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Sunday, 16 June 2013

Common Laptop Problem and How to Fix It


In my last post on laptop issue we discuses about how to format laptop. Today we shall look at laptop issues and how to fix some problem that may come away. We are always prompted some time with a lot of laptop related problem everyday of our life. Sometimes it might be out of carelessness of our way of handling the machine that can lead to it to get damage all the time. But today I am going to show you some way through which you can quickly make such problem never to be in your laptop in other world I will show you how we can fix some vital laptop issues that may destroy our laptop. So keep reading or click here to pick up different topic if you have read about it.
We live and work in a moody, wicked world where our laptops take a lot of abuse and insult. Regardless of how gentle we try to be, it's inevitable that sooner or later our notebooks will get dropped, spilled on and worse.
While many people thought that laptop damage can be fix only by the computer shop or technician, there are some problems that can be inexpensively and easily fixed with common tools, spare parts and a little effort and our knowledge. Many of these repairs are no harder than high school art projects.
Using a couple of old, beat-laptop, I'll show you how to fix everything from a broken case and frayed charger cord to a bad fan and scratched screen. Each restoration project has time and cost estimates as well as what materials you'll need to do the trick. Just follow the directions I've outlined for each repair -- but be warned, your system might be a little different or require special parts and a slightly different approach from the one I have here in this post but not too worry because with concept herein you can use it as a basic for troubleshooting yours.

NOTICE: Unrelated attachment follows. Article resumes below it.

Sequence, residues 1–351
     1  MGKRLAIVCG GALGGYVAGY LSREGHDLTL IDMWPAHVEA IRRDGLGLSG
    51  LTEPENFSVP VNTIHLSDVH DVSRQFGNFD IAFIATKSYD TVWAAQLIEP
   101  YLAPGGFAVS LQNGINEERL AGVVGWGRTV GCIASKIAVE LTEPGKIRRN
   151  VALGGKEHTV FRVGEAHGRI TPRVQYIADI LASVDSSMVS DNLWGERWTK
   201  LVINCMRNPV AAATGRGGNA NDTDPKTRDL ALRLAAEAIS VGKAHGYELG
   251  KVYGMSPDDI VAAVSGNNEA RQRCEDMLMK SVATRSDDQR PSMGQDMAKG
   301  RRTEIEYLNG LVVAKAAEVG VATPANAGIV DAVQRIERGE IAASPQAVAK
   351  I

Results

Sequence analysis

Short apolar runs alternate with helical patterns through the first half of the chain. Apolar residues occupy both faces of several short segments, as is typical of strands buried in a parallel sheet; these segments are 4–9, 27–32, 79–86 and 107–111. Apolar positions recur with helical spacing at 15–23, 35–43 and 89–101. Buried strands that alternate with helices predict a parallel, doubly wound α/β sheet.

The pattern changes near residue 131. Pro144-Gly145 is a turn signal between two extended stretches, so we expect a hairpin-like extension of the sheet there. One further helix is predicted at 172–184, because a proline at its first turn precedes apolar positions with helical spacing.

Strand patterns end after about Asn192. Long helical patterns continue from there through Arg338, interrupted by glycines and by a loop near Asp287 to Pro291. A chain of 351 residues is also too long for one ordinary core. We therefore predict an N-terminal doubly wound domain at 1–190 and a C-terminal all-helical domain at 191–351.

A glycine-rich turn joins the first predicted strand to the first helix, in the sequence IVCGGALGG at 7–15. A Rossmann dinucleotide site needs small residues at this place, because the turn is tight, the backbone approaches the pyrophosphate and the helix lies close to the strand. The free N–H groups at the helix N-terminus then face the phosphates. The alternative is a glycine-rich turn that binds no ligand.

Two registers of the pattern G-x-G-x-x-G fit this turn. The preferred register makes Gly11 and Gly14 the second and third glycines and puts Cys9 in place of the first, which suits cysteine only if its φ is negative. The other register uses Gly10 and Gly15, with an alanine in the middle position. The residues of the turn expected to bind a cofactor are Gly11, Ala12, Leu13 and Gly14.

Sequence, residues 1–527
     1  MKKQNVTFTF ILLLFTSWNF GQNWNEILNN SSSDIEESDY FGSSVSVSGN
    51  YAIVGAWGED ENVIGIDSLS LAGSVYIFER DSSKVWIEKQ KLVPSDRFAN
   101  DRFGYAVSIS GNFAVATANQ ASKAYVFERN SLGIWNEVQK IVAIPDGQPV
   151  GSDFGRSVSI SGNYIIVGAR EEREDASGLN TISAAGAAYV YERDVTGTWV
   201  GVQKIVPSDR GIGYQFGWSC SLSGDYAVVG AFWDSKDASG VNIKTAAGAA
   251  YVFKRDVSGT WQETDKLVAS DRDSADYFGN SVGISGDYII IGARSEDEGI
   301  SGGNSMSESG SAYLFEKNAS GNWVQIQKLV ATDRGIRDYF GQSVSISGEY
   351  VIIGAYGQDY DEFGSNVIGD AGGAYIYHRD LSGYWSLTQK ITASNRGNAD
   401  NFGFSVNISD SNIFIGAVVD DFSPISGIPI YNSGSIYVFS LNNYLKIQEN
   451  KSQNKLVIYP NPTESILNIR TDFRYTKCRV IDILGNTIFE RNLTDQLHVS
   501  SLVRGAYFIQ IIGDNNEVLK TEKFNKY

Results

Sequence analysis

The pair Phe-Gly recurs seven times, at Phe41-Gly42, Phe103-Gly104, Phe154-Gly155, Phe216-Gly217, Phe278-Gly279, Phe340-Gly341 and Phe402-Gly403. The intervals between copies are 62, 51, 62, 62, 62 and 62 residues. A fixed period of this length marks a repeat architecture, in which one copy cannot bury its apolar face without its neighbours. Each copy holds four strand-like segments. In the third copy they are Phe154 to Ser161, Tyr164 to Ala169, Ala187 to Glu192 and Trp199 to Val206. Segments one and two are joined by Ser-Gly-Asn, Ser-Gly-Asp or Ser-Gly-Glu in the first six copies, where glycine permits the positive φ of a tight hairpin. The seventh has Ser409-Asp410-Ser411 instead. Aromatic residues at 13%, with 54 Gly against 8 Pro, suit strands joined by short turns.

Follow along with this few steps
Problem: Frayed charger cord
Cost: $5 to $15
Time: 1 to 2 hours
Materials: Silicone sealant, painter's tape (which is less sticky than regular masking tape), protective gloves (optional)

A frayed power cord can be dangerous.
Because a laptop or notebook that travels needs to be plugged in and unplugged several times a day, the cord and connector can take a beating, leading to a frayed power cord. If this happens, it's important to get a new cord or fix it right away, because it not only can damage the system's battery through intermittent charging, but it can also be a fire hazard.
Fortunately, most power adapters have removable AC power cords, which cost a few dollars and are available at stores like Radio Shack. On the other hand, if the connector that plugs into the computer is the problem, it can cost $50 to $75 to replace because you have to find the exact AC adapter for your laptop from your notebook manufacturer or an online retailer such as Shop For Battery, LaptopTraveller.com or Notebook AC Adapter (search for your make and model name followed by "AC adapter").
Or you can just fix it yourself.
There's a quick-and-dirty repair for a frayed cord: Just roll electrical or duct tape over the damage and hope for the best. A better way is to make a more permanent repair with silicone sealant, available at any hardware store and many supermarkets, which will insulate and protect it. It's best to use black to match the cord's color, but clear sealant works just as well.
To protect the surface you're working on, lay down a wide strip of painter's tape, sticky side down, and place the frayed area of the cord on top of it. The sealant won't stick to the back of the painter's tape the way it might to other barriers made out of paper or plastic, and the painter's tape should peel right off the table when you're done. (Note, however, that you shouldn't be doing any kind of computer repairs on your good furniture.)

Next, squeeze out a gob of sealant onto the area that needs fixing. Work the gooey sealant into place, covering the damage with a liberal coating. If you have sensitive skin, it's a good idea to wear thin protective gloves for this part.

Applying silicone sealant to the frayed cord.
Let the sealant cure for an hour or two until it is firm. Gently remove the cord from the tape (and the tape from the table), and you have the equivalent of a new power cord that's flexible and ready for years of road work.
In my next post we shall look at Problem: Cracked Laptop or notebook case
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  1. guy yo day try for this site. bro keep it up. deyoung leo

    1. that is cool

    2. Thanks leo for your comment. I wil visit your site


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